Although the zoot-suit was worn by young people of various ethnic groups, it was only after the Pachucos stylized and accessorized it with everything from attitude and body movement to lingo – taking it from a “fashion-fad night-out tuxedo” to the baggy flamboyant outfit – that became the beacon of youthful rebelliousness. The Mexican poet Octavio Paz called the zoot-suit, “a symbol of love and joy – of horror and loathing, an embodiment of liberty, disorder, and the forbidden”.

In the 1940’s, the “Negro Quarterly” and “Crisis”, both part of the independent press of America, wrote editorials in which they pointed to the zoot-suit being the “product” of a particular social context. They emphasized the importance of Mexican-American youths in the emergence of the zoot-suit style, in whose tentative ways, they tried to relate their appearance on the “streets” to the concept of “pachuquismo” – this encompassed a social-cultural-fabric that arrived from Mexico in the waves of immigrants urban America. It is important to distinguish between the zoot-suit culture of African & Mexican-Americans, while both are expressions of countercultures and reflect alienation of young men in America; they remain different in their appropriations of history and of “their own versions”. The depression brought on widespread unemployment and poverty, causing many young people to feel like “dead ends”. This phenomenon of the dead ends was taken to the stage and screen where it proved an enormously popular image in which many identified with. By the 1940’s American fashion was still gangster oriented, and the gangs gravitated largely around minority ethnic groups. The zoot-suit reigned with Mexican-American gangs, but in many cities, especially those on the jazz scene, many others also wore the zoot-suits. Los Angeles went on to become a mecca for jazz artist, and Blacks, Mexicans, and Filipinos thrilled to the jazz culture, although the Pachucos also had a separate taste in music as well, this being el Mambo, la Rumba, el Danzon, Guaracha and los Botecitos. Music and dance style facets were continuously in flux, and projected varying degrees of influence from Latin to Black on the Pachuco zoot-suiters.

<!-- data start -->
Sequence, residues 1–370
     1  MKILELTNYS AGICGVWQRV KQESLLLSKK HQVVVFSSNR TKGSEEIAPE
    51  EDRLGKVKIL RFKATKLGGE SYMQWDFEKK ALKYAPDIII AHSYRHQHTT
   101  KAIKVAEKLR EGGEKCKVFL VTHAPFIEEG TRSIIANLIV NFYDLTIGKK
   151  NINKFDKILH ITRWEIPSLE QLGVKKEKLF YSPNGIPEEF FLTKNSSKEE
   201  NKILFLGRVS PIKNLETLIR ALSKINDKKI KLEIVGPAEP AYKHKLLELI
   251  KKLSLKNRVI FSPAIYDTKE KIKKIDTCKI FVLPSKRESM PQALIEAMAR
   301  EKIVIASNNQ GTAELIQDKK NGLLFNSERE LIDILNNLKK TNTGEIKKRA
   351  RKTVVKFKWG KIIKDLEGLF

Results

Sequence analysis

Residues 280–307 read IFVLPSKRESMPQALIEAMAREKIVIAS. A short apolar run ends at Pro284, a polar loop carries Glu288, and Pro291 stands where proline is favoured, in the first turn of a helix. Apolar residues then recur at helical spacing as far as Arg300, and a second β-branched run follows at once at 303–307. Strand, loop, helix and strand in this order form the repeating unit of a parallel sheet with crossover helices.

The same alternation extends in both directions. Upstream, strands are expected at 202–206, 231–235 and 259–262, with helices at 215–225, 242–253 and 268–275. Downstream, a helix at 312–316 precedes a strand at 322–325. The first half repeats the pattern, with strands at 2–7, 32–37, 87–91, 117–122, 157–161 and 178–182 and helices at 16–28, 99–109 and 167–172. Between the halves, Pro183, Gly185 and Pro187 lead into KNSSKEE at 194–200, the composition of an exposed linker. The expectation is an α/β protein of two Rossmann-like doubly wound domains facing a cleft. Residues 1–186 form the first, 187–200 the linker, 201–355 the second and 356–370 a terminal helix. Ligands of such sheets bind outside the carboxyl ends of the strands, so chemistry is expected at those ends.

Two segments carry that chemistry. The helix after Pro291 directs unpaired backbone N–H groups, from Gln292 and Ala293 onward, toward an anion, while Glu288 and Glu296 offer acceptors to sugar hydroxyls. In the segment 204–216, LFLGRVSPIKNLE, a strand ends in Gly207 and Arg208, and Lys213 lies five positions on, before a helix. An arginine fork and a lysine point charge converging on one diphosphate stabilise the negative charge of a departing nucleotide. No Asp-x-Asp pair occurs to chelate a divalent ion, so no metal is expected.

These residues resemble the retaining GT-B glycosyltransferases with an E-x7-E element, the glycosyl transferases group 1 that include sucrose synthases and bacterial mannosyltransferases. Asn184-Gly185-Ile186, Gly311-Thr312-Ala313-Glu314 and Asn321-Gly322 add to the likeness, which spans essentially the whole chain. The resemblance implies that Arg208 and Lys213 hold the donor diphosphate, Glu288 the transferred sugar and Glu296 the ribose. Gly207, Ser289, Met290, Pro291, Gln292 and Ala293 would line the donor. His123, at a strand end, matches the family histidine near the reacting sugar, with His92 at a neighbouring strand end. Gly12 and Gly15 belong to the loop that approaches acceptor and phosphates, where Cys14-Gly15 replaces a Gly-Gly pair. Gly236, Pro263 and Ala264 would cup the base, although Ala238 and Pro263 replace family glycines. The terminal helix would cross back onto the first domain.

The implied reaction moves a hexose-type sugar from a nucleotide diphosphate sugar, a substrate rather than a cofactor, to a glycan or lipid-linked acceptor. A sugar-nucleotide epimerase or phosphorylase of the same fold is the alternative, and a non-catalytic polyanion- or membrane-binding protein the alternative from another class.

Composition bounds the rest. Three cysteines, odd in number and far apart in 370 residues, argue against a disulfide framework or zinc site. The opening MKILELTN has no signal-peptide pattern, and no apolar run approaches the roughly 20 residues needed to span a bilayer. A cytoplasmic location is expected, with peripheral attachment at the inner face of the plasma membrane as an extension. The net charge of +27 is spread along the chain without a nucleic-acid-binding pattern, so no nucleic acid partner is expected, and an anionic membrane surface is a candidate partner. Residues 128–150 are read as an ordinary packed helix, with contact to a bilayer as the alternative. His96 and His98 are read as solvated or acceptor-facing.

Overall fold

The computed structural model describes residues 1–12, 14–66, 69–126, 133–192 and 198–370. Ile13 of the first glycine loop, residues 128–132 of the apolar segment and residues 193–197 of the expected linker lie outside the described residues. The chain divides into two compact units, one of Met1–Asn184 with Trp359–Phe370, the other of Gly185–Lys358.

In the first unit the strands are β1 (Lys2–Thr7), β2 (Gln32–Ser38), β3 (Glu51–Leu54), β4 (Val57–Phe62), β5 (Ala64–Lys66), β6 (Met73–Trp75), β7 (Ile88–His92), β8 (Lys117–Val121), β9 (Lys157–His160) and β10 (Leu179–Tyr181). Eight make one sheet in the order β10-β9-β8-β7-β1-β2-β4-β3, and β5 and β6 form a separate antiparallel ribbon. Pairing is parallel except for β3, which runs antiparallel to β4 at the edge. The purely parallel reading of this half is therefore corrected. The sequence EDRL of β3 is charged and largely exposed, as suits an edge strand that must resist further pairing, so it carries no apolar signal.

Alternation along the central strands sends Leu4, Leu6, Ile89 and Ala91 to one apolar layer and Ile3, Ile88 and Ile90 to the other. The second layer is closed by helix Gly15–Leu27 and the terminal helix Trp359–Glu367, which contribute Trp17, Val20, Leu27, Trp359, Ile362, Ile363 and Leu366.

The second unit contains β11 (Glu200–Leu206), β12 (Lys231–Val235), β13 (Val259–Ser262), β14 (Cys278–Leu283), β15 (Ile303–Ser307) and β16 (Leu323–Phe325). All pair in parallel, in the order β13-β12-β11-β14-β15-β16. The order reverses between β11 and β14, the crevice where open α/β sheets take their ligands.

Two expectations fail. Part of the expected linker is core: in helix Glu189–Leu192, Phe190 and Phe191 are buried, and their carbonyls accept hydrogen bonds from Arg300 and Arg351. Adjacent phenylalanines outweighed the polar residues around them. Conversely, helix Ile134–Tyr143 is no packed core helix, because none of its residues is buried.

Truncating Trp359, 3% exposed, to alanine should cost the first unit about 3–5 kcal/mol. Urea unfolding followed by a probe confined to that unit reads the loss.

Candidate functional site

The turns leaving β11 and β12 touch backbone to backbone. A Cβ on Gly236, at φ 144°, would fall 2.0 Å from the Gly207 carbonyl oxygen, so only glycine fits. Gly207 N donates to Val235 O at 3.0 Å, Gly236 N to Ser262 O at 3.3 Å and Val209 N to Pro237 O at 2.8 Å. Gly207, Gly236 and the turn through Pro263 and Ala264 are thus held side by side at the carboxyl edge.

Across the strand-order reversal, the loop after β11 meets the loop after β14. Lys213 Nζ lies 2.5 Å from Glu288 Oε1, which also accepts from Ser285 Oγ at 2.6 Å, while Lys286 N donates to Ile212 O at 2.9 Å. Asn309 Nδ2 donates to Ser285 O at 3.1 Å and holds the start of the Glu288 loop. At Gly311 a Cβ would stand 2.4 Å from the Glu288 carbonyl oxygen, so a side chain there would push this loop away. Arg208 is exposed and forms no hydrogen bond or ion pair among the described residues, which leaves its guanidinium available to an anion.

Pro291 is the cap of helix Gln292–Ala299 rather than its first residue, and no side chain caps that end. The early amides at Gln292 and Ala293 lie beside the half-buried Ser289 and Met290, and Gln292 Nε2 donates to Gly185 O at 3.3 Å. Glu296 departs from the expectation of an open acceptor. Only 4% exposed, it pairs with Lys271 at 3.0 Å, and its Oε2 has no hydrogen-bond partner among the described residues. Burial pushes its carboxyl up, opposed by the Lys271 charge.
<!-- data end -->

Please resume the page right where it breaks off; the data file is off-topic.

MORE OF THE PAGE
While Pachuco zoot-suit”ism” spread across the Southwestern U.S. it also spread south into Mexico, and to other unexpected areas such as urban areas of the Midwest. The culture surely gained “International” recognition through its propagation in “Mexican Cinema” after famous comedians and actors in the caliber of “Tin Tan and Resortes” from El Paso/Juarez & Mexico/Tepito’s Barrio Bravo respectably, unabashedly took on and propagated the Pachuco style to the world. As some dissertations on similar topics allude, pachuquismo, jazz musicians, ethnic migrations, and the zoot-suit riots are some of the factors catalyzing the spread of the zoot-suit as a dress style.



Anonymous said...

I relly enjoyed reading about the origins of the Zoot Suit. Somehow I had the misconception that "Zoot" was a manufacturer of suits and not something of ethnic origins. I now see that that is not the case. I am very thankful there are authors like you that take the time to post things like this on the web for all of us to learn from. Thank you from a very satisfied reader.